End of the EUA era: FDA begins to wind down emergency authorizations for COVID-19 tests

After more than 430 emergency green lights for COVID-19 tests since the start of the pandemic, the FDA is beginning to wind down its expedited reviews for coronavirus diagnostics, instead urging developers to follow its traditional regulatory paths to market.

The agency’s transition toward more normal, pre-crisis operations comes after President Joe Biden declared the COVID-19 pandemic over after more than two-and-a-half years. Since reaching a high point with almost 5 million per week during an omicron-fueled January surge, the number of positive cases has now evened out to about 500,000 per week, according to stats from Johns Hopkins University, as the virus moves into more endemic stages similar to diseases such as the flu.

The FDA said that going forward it plans to only review a small subset of applications for Emergency Use Authorizations and that all companies should consider seeking official de novo classifications or 510(k) clearances, which will allow their diagnostics to be sold after the U.S. government’s COVID-19 public health emergency declarations expire.

“Taking into account the current status of manufacturing capacity and consumer access given the administration’s important investments in tests, for most new tests, shifting to traditional premarket review would best meet the public health needs at the current stage of the COVID-19 public health emergency,” Jeff Shuren, director of the FDA’s Center for Devices and Radiological Health, said in an agency release. 

The tests that will be prioritized for emergency authorizations include diagnostics employing new technologies that are likely to have a significant benefit on public health, as well as those that tackle unmet needs such as newly spreading virus variants.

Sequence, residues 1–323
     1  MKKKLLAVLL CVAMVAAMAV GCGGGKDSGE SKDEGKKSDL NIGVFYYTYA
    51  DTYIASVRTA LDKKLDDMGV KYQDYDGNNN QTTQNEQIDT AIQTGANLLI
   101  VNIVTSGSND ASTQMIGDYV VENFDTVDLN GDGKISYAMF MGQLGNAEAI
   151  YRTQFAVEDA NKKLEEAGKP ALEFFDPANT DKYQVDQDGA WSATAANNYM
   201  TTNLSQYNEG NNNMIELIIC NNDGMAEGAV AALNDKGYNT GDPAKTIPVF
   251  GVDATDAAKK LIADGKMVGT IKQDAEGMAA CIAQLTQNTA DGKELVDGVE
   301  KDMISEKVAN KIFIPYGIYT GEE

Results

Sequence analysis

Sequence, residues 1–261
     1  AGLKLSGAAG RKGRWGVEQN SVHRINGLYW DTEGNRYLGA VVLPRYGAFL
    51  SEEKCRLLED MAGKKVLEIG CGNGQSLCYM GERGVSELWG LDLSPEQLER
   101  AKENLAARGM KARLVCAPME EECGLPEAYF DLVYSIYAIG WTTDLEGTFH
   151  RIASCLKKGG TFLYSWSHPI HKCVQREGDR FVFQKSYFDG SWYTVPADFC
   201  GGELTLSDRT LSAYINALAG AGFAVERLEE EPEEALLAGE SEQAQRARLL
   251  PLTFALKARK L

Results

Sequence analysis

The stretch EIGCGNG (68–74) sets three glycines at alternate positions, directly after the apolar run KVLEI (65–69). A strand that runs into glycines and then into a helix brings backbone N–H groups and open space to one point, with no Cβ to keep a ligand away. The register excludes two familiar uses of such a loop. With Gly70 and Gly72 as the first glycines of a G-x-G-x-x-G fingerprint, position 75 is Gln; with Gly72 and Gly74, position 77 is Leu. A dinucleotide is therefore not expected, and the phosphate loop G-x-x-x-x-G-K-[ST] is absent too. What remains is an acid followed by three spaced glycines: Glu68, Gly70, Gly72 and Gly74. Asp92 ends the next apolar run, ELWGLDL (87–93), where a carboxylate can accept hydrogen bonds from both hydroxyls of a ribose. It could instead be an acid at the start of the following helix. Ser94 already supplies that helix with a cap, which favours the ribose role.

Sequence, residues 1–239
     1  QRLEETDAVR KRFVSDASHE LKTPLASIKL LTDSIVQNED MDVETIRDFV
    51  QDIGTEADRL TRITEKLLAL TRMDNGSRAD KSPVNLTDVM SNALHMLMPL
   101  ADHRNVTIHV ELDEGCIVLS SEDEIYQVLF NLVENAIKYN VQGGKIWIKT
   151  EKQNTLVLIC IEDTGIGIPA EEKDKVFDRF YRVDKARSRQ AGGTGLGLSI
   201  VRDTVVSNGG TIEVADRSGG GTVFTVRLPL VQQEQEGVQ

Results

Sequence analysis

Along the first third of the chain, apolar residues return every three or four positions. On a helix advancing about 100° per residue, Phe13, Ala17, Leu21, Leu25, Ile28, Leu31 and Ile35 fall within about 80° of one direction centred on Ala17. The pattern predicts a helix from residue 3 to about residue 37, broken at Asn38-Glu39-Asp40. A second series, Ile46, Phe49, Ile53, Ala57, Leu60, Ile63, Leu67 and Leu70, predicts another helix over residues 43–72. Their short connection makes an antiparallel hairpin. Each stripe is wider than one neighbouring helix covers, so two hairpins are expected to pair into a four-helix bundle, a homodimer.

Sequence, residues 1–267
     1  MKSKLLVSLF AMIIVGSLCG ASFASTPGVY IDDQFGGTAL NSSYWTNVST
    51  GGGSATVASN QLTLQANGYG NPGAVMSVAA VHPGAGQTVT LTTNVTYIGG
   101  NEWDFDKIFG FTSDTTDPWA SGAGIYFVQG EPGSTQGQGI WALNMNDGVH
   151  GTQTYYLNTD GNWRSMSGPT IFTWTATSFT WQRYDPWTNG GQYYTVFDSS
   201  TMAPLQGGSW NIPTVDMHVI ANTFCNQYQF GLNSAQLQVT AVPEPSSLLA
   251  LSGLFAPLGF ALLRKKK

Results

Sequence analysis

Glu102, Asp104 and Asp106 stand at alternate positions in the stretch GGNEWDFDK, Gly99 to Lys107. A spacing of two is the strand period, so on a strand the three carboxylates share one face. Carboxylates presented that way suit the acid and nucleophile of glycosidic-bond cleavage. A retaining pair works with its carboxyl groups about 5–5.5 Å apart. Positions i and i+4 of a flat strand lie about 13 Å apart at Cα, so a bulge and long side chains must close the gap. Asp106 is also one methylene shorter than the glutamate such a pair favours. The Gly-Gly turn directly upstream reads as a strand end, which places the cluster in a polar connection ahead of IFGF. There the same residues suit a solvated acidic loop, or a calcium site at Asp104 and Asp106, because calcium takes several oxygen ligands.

The agency will also accept tests funded by the Biomedical Advanced Research and Development Authority, or BARDA, and the National Institutes of Health’s Rapid Acceleration of Diagnostics initiative, also known as RADx. In addition, any EUA requests that were previously pending will remain in the agency’s review queue. 

“Testing remains one of the key pillars in combating the COVID-19 pandemic,” Shuren said. Under the agency's authorizations, U.S. manufacturers have the capacity to produce up to hundreds of millions of tests per month, although the exact number of tests available on store shelves will depend on public demand and other supply chain factors, according to the FDA.

The FDA granted its first full de novo clearance to a COVID-19 test in March 2021. The nod went to BioFire Diagnostics' screener that checks for multiple infections to help identify coronavirus cases among people with the flu, respiratory syncytial virus or the bugs behind the common cold. Since then, the agency said it has greenlit other tests of the same type using the 510(k) clearance process.